Though it is rarely the case that one makes reference to Philippians when considering the issue of justification, once the proper basis for the subject is understood (the inclusion of all peoples under the covenant of the Creator God of Israel, without regard for covenant markers, but only with regard for a confession of loyalty to Jesus the Christ as king and Lord of all), its presence in the letter to Philippi becomes apparent.
Thus, turning to the third chapter, we see Paul alluding to justification, to Judaizers (Gentiles that adopted the primary covenant markers of Israel – circumcision, Sabbath keeping, dietary laws), and to the freedom by which Gentiles enter into and remain under the covenant through their belief in Jesus as Lord rather than through outward markers, as he writes “Beware of the dogs, beware of the evil workers, beware of those who mutilate the flesh!” (3:2) Having offered that rhetorical volley, Paul then identifies himself with the Gentile congregants of Philippi, with “For we are the circumcision,” a term normally reserved for circumcised Israel, “the ones who worship by the Spirit of God, exult in Christ Jesus, and do not rely on human credentials---though mine too are significant” (3:3-4a). It is not difficult to hear Paul saying “We, the ones who, by the movement of the Spirit of God and as evidence of the new creation begun in Christ, worship Jesus as Lord and Messiah, are the covenant people of God, rather than those that rely on the old marks of the covenant that used to convey that status.”
Paul moves along, writing “If someone thinks he has good reasons to put confidence in human credentials,” that being the traditional badges of righteousness/covenant standing, “I have more. I was circumcised on the eighth day, from the people of Israel and the tribe of Benjamin” (3:4b-5a). In the original allocation of the promised land, Jerusalem, thence the place where the Temple was located, was within the tribal allotment of Benjamin. Thus, being of Benjamin, for this and other reasons, could be a special source of honor. This is important, as we consider that all public interactions, in those days, took the form of an honor competition. Here, Paul is referencing his own credentials, which takes the form of competing for honor, but it becomes a paradoxical assertion, as we shall soon see.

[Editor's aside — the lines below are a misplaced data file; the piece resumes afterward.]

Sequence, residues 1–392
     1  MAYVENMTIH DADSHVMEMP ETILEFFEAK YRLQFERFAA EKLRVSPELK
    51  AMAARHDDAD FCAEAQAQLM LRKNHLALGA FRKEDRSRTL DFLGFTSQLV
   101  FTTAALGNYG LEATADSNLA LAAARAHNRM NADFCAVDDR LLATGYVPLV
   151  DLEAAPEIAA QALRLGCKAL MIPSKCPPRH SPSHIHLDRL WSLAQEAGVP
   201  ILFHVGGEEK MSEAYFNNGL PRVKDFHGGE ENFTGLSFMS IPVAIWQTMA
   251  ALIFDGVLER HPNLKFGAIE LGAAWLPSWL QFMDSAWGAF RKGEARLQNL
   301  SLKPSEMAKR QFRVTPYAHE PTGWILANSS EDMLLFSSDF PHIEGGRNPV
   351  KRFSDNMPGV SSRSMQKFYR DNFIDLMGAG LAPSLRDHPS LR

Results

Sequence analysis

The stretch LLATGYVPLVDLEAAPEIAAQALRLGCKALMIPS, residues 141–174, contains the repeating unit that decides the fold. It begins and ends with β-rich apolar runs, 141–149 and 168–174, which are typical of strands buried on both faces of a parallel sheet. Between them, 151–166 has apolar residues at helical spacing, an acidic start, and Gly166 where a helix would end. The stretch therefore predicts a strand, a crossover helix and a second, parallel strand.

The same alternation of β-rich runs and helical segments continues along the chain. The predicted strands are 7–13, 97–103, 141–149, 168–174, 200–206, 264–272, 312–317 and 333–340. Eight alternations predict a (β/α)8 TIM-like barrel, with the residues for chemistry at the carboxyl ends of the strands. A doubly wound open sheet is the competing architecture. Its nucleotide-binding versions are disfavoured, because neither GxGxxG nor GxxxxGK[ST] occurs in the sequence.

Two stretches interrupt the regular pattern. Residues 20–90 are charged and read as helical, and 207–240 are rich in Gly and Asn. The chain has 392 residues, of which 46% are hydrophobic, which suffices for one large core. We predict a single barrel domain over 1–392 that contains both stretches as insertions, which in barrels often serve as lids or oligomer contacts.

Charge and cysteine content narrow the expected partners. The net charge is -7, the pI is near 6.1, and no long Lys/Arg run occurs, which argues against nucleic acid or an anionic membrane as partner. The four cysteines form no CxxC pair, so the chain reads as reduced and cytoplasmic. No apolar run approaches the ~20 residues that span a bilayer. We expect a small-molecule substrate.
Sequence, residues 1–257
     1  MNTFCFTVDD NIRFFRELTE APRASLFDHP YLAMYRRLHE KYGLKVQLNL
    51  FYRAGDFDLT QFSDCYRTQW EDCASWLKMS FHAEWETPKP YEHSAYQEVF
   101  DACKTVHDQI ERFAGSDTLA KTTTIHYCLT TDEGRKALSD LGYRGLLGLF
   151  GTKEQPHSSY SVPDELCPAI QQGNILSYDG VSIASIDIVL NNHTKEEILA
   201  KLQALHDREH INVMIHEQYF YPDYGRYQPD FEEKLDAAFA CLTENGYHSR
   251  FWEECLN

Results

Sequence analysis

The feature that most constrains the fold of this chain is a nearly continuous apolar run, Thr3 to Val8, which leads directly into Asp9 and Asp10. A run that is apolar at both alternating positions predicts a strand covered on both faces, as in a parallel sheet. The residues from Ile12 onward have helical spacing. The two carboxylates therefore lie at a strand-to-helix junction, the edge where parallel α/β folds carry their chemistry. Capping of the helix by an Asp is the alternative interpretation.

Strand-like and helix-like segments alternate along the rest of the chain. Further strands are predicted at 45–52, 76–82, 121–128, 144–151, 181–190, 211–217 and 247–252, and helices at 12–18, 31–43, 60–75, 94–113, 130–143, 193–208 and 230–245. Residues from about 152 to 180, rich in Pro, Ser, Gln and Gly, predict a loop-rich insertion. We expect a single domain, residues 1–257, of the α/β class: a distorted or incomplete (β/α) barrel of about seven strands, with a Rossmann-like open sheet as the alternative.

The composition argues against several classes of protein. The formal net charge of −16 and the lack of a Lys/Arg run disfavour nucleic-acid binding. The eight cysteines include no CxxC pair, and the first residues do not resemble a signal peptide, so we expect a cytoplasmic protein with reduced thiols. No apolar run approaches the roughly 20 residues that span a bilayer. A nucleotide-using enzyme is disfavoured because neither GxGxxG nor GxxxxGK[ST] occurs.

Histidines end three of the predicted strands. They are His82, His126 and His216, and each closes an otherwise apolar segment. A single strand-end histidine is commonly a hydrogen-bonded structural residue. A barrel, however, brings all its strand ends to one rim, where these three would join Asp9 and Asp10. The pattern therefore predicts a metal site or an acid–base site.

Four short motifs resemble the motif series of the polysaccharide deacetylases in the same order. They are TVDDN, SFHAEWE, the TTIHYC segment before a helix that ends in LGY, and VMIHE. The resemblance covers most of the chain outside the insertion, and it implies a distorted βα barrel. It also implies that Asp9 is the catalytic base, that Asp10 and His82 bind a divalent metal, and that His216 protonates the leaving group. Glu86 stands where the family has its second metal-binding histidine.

Continuing, Paul claims to be “a Hebrew of Hebrews,” adding, “I lived according to the law as a Pharisee. In my zeal for God I persecuted the church” (3:5b-6a). Significantly, “According to the righteousness stipulated in the law I was blameless” (3:6b). Paul, he of the un-tortured conscience in this matter of right standing before God, upheld every bit of the law concerning righteousness/covenant standing, solidly ensconced, in terms of Israel’s understanding of these things prior to Christ, within the covenant. Paul was fully expecting to participate in the resurrection at the eschaton and in all of the blessings that were understood to be coming to Israel because of its special privilege.
After making reference to his circumcision, his lineage, his manner of living, and his zeal, all of which would certainly have led to an accrual of an honor, not to mention serving him well to validate any claim to be a covenant member in good standing in accordance with the works of the law (covenant markers) and the traditions of His people (blameless in regard to means of demonstrating righteousness/covenant standing as stipulated in the law), Paul offers what would be heard as a surprising reversal in the ears of his hearers. Having provided this litany of items, Paul then writes “But these assets” in the pursuit of honor and in regards to covenant participation “I have come to regard as liabilities” (3:7a). Why? He says that it is “because of Christ” (3:7b).